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Eastern Kentucky county's drinking water in danger?

By maryelser     Apr 14, 2007 in Environment
Could an Eastern Kentucky county's drinking water be in danger of pollution from wastewater from a Virginia underground mine?
One of the nation's largest energy producers, Consolidated Coal Co., a subsidary of Pittsburgh-based Consol Energy Inc., has decided that in order to continue its mining operations in Buchanan County, Va, it will need to dispose of the water in the mine.
The plan is to pump mine wastewater that contains high amounts of chloride from an underground mine into a southwest Virginia river. The water is already being transfered into an abandoned mine but those shafts are filling up. Upon approval, water will be pumped through a 19-mile pipeline to the Levisa Fork of the Big Sandy River.
But here is where Eastern Kentuckians begin worrying. The Levisa flows into Fishtrap Lake, which supplies drinking water for most of Pike County, Kentucky.There will be 14.4 million gallans of wastewater pumped into the stream each discharge day and only in the months when the river is flowing steadily. But there is worry about unforeseen adverse effects beyond dead fish and aquatic life from dumping such large amounts of water with high content of chloride into a freash water river.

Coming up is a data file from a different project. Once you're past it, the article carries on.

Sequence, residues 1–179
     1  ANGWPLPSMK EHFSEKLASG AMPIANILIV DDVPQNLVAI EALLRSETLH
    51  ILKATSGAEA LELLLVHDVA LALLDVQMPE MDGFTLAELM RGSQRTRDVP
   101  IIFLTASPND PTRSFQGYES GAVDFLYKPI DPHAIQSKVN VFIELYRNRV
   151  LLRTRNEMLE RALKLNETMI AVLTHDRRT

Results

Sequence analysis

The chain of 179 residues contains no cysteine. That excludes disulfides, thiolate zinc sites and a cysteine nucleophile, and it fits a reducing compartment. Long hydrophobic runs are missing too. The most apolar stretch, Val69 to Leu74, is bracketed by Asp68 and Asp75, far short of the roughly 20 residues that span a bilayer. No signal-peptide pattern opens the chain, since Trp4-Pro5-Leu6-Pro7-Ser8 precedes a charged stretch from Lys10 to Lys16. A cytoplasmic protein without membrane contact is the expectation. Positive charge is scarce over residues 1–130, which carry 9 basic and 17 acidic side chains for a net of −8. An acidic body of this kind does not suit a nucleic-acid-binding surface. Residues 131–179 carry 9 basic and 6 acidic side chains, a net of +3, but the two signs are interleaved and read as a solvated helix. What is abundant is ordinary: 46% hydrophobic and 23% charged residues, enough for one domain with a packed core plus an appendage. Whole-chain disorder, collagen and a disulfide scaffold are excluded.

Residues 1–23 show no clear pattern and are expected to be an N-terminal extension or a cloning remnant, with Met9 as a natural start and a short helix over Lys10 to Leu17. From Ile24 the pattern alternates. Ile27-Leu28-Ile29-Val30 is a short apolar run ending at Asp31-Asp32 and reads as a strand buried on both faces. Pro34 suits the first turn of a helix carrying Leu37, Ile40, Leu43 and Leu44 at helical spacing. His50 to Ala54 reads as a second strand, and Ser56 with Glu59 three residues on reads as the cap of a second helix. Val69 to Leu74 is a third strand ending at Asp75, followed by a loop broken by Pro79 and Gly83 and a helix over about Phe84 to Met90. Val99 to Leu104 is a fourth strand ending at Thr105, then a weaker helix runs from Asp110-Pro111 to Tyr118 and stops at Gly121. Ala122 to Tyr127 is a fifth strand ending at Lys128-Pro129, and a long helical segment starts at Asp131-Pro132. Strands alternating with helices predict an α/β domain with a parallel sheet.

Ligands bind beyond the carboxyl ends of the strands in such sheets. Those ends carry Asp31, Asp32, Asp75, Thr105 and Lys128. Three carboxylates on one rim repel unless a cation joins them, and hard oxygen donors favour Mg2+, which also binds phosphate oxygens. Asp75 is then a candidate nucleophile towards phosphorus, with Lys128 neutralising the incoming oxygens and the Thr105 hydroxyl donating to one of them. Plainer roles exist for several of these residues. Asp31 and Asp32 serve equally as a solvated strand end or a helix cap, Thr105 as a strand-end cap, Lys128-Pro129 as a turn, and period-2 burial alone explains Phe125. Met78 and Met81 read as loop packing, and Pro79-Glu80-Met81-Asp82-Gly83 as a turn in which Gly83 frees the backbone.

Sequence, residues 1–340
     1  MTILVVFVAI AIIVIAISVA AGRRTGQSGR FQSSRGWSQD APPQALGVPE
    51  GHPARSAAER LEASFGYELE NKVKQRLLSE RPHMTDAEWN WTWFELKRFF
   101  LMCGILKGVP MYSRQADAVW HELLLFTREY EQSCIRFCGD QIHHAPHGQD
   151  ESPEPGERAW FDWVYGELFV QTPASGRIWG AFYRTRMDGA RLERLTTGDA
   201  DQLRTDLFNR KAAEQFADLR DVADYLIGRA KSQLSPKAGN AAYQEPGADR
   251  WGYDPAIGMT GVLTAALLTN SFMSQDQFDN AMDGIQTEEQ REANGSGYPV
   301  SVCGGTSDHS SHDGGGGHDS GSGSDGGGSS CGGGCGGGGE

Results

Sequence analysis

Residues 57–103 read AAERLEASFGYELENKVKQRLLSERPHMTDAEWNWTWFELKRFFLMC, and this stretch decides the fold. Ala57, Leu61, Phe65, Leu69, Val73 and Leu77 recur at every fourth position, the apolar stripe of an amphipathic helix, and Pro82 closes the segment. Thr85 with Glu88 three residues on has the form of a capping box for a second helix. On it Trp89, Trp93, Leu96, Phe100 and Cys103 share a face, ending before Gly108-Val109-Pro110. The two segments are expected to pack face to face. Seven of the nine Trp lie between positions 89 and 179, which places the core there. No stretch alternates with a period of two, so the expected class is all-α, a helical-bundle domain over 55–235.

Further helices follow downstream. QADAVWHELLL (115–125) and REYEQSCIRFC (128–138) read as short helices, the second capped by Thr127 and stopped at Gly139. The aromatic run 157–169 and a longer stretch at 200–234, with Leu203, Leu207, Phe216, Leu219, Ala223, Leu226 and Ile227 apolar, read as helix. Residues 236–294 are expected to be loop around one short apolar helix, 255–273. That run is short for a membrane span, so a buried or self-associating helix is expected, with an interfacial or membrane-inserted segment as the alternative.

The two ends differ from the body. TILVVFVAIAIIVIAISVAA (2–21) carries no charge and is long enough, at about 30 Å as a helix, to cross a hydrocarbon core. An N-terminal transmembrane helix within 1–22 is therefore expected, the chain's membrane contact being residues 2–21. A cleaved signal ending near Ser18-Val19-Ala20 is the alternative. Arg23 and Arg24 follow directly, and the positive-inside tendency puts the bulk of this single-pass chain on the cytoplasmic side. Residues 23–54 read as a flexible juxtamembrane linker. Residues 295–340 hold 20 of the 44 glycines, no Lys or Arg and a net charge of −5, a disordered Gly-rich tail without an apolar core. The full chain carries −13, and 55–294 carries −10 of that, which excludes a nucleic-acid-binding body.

"There's no question that fish and other aquatic life are going to die, especially at the point where the mine water enters the Levisa,' said Don Orth, a Virginia Tech professer of fisheries and wildlife science. "But no one know how toxic or how far that toxic zone will continue in the river," Orth said.
"If it is more toxic than they anticipate, then what are they going to do? The Department of Mines, Minerals and Energy has already approved the permit."
It has been suggested that the mine look at other alternatives, including a process called osmosis- which would eliminate the chloride. before dumping it in the river.
Consol officials have estimated that the mine would be in operation about 17 more years and make $7 billion in that time. It would cost $105 million to treat the water through osmosis. But Consol officials have said that the process is too expensive and unreasonable.
Kentucky officials have been against the plan but their hands are tied until the discharge reaches the state. Kentucky officials remain concerned.
More about Pike county, Underground mine, Wastewater